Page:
New Delhi, Dec 22 (UNI) Chief Justice of India K G Balakrishnan today denied that judiciary was infringing on the powers of executive and called for revamping the criminal justice system to address the concerns of internal security like terrorism and organised crimes at the same time protecting and respecting human rights of people.
''No, I don't agree that judiciary was infringing on the rights of the executive,'' the Chief Justice told UNI on the sidelines of a function when asked about the recent allegations in this regard.
Earlier, delivering the 20th IB Centenary Endowment Lecture on 'Preserving Internal Security and Protecting Human Rights through Efficacious Criminal Justice', Justice Balakrishnan called for revamping the criminal justice system to address the concerns of internal security, including terrorism, organised, crime, money laundering and drug smuggling alongwith addressing the human rights issues on the same time.
Pointing out the large number of terror attacks in the country during the recent past, he said that a system be devised by improvising the existing mechanisms, particularly in the criminal justice that address human rights and strive to protect internal security at the same time.
''Though we required strong measures to counter anti-national elements, respect for human rights needed to be maintained. For this, an appropriate legal framework, particularly in criminal justice would go a long way in supporting law enforcing agencies and making them legitimate in the eyes of the citizens.'' However, on the question of police heroes discharging their duties being targeted for human rights violation later, the Chief Justice accepted the suggestion that there should be a time frame for filing such cases. ''If the cases against such police personnel were filed after four to five years, it means that they could be motivated,'' he said and added that the legislature should fix some time limit during which only cases against police personnel could be filed.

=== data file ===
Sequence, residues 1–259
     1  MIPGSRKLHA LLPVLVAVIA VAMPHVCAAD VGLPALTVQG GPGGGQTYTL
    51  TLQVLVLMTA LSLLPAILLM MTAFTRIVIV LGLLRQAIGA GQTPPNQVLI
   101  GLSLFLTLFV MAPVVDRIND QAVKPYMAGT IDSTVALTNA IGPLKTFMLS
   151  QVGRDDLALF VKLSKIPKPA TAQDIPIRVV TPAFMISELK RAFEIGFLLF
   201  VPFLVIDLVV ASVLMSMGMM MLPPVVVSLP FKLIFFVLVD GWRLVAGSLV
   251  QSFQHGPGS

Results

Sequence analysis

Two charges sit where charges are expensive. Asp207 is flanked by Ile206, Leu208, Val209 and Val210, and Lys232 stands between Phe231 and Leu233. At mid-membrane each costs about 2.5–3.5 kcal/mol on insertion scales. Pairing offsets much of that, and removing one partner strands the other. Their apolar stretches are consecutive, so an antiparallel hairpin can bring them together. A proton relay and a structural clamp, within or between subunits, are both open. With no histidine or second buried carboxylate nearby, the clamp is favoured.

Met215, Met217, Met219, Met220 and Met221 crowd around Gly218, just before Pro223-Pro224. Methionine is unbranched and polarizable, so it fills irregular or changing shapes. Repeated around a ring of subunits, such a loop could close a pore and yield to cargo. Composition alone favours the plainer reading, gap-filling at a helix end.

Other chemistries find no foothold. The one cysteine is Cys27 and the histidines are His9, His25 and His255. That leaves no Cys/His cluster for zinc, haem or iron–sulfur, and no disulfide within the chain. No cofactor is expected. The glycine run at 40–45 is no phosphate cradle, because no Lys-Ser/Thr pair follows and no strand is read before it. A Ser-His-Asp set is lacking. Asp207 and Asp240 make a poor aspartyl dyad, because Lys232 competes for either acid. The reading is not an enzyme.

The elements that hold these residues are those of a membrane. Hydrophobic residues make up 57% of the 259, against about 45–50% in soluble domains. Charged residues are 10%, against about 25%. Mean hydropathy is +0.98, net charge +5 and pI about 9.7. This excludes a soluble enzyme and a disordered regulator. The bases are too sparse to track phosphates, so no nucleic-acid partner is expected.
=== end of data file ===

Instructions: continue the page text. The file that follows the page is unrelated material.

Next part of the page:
Justice Balakrishanan asked the top Intelligence and police officials of the country to improve the investigation machinery to make it more effective in bringing terrorists to book. However, he emphasised the need for protecting human rights of the people at the same time.
In view of the difficulty being faced by police and security personnel in bringing culprits of serious crimes like terrorism to book in absence of eyewitness' and the courts not admitting narco-analysis and lie detector as proof, he said that the best of the investigative system were not being used at present due to large number of crimes. The Chief Justice called for more use of available scientific methods of investigations to tackle crimes which were being increasingly done using sophesticated weapons and globalised economic scenario.
However, he refused to comment on the issue of allowing narco-analysis and lie detector tests as evidence in courts as the matter was subjudice with a petition challenging their use on the ground of being against fundamental rights.
Admitting the high number of cases pending in the courts, the Chief Justice attributed it to increase in the number of crimes in the country while the number of courts and judges have not increased substantially.
Even in Delhi alone, 456 cases of murder happen per year while the courts' ability to dispose off was lesser as a murder trial needed detailed investigations. Pendency of cases were on an average 30 per cent of which 15 per cent were due to delay in investigations while 15 per cent were due to some interested persons being interested in delaying the cases and their lawyers supporting it.